Joiner ordered to pay £36,000 to homeowners for faulty workmanship has sum reduced on appeal

Joiner ordered to pay £36,000 to homeowners for faulty workmanship has sum reduced on appeal

The Sheriff Appeal Court has reduced the amount payable by a joiner who failed to meet quality of work standards in an attic conversion job by £12,000 after he challenged the sheriff’s decision to award decree in favour of the pursuers.

Martin Cherrie and Amy Paterson initially raised an action against Kevin Vaughan, trading as VIP Joinery, to cover the cost of restoring their property. The defender and appellant argued that the sheriff had made findings in fact which were not open for him to make, and that he had erred in quantification of the loss.

The appeal was heard by Sheriff Principal Nigel Ross, with Appeal Sheriffs Thomas McCartney and Derek O’Carroll. MacKenzie, solicitor advocate, appeared for the defender and appellant and K Young, advocate, for the pursuers and respondents.

Perpendicular joists

In 2017, the pursuers decided to convert the attic space in their home. The defender was instructed to carry out the work for an agreed price of £20,000, payable in staged payments of £2,000 per week. Two months after the work commenced, the pursuers put the defender off the job due to concerns about the quality of the work, having paid him £14,000 up to that point. It was determined that the remedial work required would require stripping out all of the work done by the defender and starting the build again.

The pursuers raised an action seeking damages for breach of contract, which the defender opposed on grounds of relevancy and specification. Decree was granted by the sheriff in favour of the pursuers for the sum of £36,000, comprising £26,000 to restore the property and £10,000 for inconvenience and distress.

The appeal concerned a finding in fact by the sheriff that the structural drawings for the loft conversion were inaccurate as they failed to take account of joists running perpendicularly to the joists running from the front of the building to the back and that these joists were obvious upon inspection. However, the only evidence on this point came from an expert witness led by the defender, Mr Grant, rather than the pursuers. While the pursuers had objected unsuccessfully to this evidence being led, it in fact ultimately bolstered their case.

For the defender it was submitted that the issues with the perpendicular joists were critical to the pursuers’ case. In essence, the sheriff found that the original design was fundamentally flawed from the outset and elided that issue by holding that the defender was responsible for bringing these issues to the attention of the engineer and the architect. The sheriff had erred in making findings not open to him on the pleadings before him.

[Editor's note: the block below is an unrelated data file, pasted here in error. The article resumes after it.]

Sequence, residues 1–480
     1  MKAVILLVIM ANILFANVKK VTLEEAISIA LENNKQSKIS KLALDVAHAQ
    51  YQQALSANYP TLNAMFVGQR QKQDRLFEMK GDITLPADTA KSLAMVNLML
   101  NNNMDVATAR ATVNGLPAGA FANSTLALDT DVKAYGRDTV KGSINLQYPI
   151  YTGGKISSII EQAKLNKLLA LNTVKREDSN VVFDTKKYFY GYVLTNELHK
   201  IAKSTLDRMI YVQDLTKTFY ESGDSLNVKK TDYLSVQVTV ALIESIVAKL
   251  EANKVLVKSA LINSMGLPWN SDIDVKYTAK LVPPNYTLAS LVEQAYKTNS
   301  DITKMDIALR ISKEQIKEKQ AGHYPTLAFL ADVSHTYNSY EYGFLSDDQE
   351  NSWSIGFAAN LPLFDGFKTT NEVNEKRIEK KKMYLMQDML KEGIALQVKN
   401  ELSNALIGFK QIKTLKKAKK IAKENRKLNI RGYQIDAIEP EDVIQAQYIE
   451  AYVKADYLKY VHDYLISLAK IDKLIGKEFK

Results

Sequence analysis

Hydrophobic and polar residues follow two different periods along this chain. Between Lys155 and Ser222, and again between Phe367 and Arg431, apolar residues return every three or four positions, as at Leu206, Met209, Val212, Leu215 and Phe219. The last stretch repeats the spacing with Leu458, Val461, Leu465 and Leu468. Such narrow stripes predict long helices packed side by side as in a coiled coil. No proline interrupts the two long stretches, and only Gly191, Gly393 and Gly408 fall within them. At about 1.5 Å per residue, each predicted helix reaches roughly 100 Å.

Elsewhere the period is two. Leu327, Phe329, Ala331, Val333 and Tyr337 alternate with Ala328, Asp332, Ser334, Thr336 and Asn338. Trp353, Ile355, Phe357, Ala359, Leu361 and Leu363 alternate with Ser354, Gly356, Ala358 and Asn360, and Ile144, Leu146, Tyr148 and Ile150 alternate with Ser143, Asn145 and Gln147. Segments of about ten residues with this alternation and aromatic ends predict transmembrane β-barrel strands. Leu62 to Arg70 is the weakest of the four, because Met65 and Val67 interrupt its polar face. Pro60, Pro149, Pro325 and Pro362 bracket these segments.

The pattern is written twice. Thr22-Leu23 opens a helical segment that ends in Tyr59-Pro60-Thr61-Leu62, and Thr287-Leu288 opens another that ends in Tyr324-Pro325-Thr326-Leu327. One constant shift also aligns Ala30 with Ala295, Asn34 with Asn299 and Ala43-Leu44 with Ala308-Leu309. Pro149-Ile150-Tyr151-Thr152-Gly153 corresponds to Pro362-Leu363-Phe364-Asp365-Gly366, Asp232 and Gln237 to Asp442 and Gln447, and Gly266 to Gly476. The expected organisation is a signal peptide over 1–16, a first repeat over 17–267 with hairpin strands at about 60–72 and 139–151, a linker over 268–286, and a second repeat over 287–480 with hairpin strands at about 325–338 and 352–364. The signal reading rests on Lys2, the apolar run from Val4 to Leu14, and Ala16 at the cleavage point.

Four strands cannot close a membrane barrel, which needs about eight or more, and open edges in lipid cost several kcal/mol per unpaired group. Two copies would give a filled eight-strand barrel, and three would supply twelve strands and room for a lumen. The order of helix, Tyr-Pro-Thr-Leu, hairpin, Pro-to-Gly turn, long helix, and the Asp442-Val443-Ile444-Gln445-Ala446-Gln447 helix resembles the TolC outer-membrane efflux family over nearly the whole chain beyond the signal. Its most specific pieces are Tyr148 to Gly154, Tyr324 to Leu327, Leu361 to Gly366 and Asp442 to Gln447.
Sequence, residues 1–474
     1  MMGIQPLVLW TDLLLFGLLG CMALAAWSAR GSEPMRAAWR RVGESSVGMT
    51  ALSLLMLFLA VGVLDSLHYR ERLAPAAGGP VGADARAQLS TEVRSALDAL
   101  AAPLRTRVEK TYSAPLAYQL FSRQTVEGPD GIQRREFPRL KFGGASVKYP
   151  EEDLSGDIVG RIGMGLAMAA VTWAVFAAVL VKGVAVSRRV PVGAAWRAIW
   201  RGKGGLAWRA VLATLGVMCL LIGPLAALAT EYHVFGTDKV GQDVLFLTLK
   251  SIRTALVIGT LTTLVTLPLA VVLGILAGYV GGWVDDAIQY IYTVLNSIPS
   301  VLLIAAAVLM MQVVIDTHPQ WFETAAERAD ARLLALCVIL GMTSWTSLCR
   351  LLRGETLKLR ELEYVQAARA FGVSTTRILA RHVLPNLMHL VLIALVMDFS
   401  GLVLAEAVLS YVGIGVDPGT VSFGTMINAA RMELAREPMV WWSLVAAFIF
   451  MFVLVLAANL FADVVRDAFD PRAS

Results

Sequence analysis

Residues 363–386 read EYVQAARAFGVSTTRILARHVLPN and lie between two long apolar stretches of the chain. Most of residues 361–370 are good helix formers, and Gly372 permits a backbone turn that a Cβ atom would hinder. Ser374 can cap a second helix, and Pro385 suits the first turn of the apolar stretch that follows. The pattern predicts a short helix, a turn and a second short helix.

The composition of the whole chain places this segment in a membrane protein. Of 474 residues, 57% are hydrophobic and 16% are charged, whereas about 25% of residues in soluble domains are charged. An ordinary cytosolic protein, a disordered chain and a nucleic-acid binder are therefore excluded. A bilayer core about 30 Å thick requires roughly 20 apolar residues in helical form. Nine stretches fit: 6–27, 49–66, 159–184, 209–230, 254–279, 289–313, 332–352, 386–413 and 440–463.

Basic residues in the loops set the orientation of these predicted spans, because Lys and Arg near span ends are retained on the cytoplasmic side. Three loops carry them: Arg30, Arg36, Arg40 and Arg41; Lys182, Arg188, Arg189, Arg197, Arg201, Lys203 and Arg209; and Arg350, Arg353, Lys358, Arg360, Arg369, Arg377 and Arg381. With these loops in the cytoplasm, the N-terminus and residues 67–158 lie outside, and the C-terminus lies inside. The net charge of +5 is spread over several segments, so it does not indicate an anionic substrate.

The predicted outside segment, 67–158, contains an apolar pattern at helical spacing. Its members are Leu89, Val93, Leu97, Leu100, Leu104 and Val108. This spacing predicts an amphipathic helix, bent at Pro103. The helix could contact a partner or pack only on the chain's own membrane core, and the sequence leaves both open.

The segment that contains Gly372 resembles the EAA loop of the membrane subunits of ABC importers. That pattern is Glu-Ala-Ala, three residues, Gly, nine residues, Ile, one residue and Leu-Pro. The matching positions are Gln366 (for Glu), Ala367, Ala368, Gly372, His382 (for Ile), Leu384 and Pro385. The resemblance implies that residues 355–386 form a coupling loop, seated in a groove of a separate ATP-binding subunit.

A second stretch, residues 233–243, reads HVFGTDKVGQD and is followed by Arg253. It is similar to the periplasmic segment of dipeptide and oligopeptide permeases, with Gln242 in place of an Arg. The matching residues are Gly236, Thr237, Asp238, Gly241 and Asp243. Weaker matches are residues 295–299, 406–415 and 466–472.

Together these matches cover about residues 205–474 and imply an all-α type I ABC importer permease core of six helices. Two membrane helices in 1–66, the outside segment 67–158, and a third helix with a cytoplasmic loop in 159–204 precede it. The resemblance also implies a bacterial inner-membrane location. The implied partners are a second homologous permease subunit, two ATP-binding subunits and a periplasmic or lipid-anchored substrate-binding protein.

Counsel for the pursuers responded that there was nothing in the pleadings capable of giving notice to them of a defence resting upon the specific claim that the presence of perpendicular joists in the attic structure had been missed by the engineers. The absence of such averments worked against the defender. This positive defence as advanced did not match the defence on record which was pled in general terms and ignored the perpendicular joists.

Only reliable figure

Delivering the opinion of the court, Appeal Sheriff McCartney said of the disputed evidence: “In our view the error made by the sheriff is that he allowed this evidence at all. The pursuers’ objection to evidence in support of the specific assertion of a design fault in respect of perpendicular joists should have been sustained and evidence on this not admitted.”

He continued: “The evidence of Mr Grant in respect of the perpendicular joists having been allowed, there is no unfairness to the defender in the pursuers responding with a legal submission and the sheriff accepting that submission in his application of the law to the facts as found by him based upon the evidence led. We are not prepared to entertain a subsequent submission from the defender that allowing this evidence was unfair, or that the sheriff went too far in basing his findings in law upon it.”

Assessing quantification of damages, the Appeal Sheriff said: “While we accept that the sheriff was entitled to attempt to reach a figure to reflect the cost of necessary remedial work, and to make inferences from the evidence before him, we have not been able to accept that the sheriff’s assessment of £26,000 has a sufficient evidential basis.”

He concluded: “In the very special circumstances of this case, given the shortcomings of how the case was pled and presented and the absence of clear evidence attesting to the loss suffered by the pursuers on a cost of cure basis, the sum of £14,000 is the only reliable figure on which to assess damages. Therefore we shall sustain the appeal to the extent of reducing the sum awarded.”

The appeal was therefore allowed only to the extent of recalling the interlocutor for payment and granting decree of new in the sum of £14,000, plus £5,000 to each pursuer for inconvenience.

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